Part 5 is almost as bad as part 3. Frankly, it’s a toss-up for which I think is the worst movie in the franchise, at least among those I have seen thus far. But part 5 is also satisfying in its own way. Despite all its shortcomings, it is a very good psychological thriller. Since Jason died at the end of the fourth film, the identity of the murderer in the fifth movie remains unknown until the end. The film keeps one wondering if the killer is Tommy Jarvis, one of the survivors of part 4.

While watching A New Beginning, I kept thinking about the people who saw the movie in the theater in 1985, probably shaking their heads and thinking, “Jesus—I paid to watch this crap!” I paid to watch it, too, in a way—though not as much—and I was also shaking my head in disappointment. No wonder the movie features a lot more nudity than its predecessors: It somehow had to make up for otherwise being a total bomb. (According to the film’s Wikipedia page, the sex scene in the woods was originally three minutes long. To appease industry censors, though, it was shortened to 10 seconds.) The picture quality is also top notch, so the movie looks much better than many contemporary films. So it has that going for it.

Though part 5 is often unintentionally hilarious, it also features intentional humor—the first I remember seeing in the franchise. Ethel and Junior definitely provide some over-the-top, hillbilly jocularity, and even Demon and Anita provide humor before they meet their unfortunate fates.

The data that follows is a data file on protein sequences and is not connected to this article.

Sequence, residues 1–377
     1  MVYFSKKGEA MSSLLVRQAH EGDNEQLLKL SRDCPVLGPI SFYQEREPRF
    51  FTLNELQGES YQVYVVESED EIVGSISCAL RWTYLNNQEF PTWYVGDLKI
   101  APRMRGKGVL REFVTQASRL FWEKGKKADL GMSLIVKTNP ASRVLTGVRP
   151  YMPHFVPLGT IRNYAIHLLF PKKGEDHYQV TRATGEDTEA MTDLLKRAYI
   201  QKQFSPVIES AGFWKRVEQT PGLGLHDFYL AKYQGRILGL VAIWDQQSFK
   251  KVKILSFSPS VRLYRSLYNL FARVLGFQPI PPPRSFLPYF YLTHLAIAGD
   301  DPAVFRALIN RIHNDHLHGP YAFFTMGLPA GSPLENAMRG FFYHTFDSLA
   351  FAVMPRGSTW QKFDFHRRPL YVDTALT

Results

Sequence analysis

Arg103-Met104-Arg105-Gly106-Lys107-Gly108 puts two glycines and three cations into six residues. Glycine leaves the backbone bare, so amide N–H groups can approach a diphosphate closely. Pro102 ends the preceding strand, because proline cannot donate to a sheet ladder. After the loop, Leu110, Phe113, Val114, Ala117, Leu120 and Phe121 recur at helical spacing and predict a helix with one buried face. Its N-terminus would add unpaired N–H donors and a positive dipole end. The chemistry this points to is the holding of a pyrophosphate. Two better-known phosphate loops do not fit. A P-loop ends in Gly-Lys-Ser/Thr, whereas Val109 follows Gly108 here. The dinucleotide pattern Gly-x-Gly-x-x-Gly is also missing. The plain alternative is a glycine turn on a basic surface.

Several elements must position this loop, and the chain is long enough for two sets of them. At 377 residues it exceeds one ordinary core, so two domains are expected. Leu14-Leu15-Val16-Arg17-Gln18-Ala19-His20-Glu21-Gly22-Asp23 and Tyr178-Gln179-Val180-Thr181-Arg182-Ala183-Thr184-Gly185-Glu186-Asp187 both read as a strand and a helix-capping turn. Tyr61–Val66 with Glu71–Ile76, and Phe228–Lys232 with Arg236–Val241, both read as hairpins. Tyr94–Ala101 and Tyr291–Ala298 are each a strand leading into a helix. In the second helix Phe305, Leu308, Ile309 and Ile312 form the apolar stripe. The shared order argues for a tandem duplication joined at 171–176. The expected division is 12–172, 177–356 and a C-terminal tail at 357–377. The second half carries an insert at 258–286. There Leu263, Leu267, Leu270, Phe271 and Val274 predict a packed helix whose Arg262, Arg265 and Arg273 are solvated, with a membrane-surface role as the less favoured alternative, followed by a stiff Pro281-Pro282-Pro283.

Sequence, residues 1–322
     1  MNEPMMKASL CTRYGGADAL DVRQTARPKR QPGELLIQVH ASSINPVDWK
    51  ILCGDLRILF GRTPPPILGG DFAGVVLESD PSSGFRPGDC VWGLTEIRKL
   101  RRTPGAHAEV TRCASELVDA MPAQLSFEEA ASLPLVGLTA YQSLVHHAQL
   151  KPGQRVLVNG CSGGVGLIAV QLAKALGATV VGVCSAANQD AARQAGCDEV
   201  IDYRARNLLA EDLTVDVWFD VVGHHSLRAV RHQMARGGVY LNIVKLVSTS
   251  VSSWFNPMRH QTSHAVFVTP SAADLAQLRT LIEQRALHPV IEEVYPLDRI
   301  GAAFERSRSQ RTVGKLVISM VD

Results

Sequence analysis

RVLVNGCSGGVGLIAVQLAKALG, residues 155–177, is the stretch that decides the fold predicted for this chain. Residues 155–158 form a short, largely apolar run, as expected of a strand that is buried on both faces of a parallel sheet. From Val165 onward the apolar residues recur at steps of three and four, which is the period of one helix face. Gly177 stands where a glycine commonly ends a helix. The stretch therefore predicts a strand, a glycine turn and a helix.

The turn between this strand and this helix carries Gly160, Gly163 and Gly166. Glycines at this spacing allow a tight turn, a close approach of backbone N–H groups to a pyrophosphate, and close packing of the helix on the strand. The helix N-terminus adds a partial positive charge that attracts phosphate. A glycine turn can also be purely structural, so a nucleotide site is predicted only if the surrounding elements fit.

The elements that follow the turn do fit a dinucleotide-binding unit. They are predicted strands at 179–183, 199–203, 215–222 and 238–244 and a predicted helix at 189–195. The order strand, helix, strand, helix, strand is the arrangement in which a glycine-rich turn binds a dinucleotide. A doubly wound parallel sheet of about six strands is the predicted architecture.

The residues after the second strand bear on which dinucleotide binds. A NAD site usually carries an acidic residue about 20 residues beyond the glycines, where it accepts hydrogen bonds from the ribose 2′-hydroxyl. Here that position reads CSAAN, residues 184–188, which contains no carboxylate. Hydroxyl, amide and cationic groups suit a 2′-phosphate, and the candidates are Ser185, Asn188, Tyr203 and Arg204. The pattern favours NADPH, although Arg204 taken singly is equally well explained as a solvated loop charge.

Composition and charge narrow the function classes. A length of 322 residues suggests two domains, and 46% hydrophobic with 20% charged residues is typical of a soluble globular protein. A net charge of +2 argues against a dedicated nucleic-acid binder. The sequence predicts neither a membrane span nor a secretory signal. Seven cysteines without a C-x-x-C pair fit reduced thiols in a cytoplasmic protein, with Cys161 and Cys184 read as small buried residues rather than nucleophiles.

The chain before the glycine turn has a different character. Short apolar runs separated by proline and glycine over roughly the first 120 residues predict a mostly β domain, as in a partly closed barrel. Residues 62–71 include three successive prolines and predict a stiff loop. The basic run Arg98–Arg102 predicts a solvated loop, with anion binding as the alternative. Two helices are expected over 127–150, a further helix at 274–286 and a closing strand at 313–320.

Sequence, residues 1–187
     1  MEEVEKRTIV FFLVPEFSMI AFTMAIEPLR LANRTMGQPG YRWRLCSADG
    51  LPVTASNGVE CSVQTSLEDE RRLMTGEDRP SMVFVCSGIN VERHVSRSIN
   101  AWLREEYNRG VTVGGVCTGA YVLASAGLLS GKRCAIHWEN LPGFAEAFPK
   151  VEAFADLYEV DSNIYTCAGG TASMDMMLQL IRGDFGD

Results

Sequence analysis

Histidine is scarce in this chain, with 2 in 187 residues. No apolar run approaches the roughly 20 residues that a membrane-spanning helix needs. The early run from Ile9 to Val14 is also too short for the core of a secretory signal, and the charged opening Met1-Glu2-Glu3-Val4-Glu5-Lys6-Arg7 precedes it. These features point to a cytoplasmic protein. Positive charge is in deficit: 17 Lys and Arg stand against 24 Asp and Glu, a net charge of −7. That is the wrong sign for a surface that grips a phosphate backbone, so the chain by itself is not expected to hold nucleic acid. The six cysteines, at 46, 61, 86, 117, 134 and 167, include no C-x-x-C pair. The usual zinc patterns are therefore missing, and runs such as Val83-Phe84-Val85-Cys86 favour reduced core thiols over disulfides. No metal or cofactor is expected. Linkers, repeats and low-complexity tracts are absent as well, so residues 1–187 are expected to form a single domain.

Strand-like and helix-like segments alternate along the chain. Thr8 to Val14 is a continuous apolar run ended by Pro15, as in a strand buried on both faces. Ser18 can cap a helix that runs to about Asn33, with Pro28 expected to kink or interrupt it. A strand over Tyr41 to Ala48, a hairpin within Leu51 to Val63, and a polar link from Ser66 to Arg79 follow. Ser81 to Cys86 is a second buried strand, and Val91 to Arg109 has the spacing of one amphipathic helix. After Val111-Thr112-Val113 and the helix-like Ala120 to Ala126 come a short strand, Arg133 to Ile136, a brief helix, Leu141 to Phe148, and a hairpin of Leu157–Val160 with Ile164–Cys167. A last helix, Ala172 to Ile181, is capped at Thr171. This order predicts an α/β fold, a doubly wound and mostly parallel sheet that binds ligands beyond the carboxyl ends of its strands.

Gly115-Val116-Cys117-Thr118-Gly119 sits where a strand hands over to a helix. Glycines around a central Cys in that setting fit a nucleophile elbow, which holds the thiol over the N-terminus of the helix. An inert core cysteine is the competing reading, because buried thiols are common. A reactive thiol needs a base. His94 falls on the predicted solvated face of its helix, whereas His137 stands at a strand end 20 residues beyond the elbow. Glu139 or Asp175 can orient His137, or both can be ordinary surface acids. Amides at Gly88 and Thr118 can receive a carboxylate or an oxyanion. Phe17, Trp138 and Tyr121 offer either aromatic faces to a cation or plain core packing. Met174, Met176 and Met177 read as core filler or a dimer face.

Part 6, Jason Lives, is an exciting and enjoyable romp! I was pleasantly surprised by how much I liked it. It’s hard not to, though, because it is such a good movie.

Though far-fetched—Jason is reanimated by lightning and is now a supernatural force with extraordinary strength (and speed, too, it seems; the dude must be able to walk a 4.2 40)—and still pretty cheesy and convenient, part 6 is propulsive and has a discernable story arc. It is also mockingly self-referential and humorous. (At one point, a character exclaims, “I've seen enough horror movies to know any weirdo wearing a mask is never friendly.” Also, while contemplating Jason’s open grave, a character looks straight into the camera and says, “Some folks sure got a strange idea of entertainment.” I’ll say.) Tommy Jarvis returns and is much more likable and loquacious. Megan, the “final girl,” was also very likeable; she is strong, funny, and rebellious. The scenes in the RV had me laughing my ass off! The film is also as fresh and glossy as part 5, and at times I marveled at the fact it was released in 1986. The pacing and story seemed far ahead of its time; there are shades of Scream, I Know What You Did Last Summer (the first movie on that list mentioned above), and Jeepers Creepers. (Part 6 is apparently one of the inspirations for Scream.) It is easy to forget that it is a money-grubbing sequel.

The same goes for part 7, The New Blood. Though the story is kind of dumb—Jason goes toe-to-toe with a telekinetic teenager—it’s not that bad. Frankly, having watched three of its predecessors earlier in the week, I was willing to roll with whatever. It goes to show that the prefect recipe for a Friday the 13th sequel includes a house of unsupervised and horny teenagers, and for Jason to somehow be unleashed. Everything else is window dressing to make it look original and unlike any of the earlier movies. Part 7 still has its absurd moments, and the surprise at the end doesn’t make a lot of sense, but I liked the movie overall. It’s a crime that it was followed by the abomination that is part 8, Jason Takes Manhattan.

Needless to say, I had a great time viewing these four Friday the 13th sequels. All were worth watching just for the sake of it. However, it’s a good thing I won’t be camping anytime soon.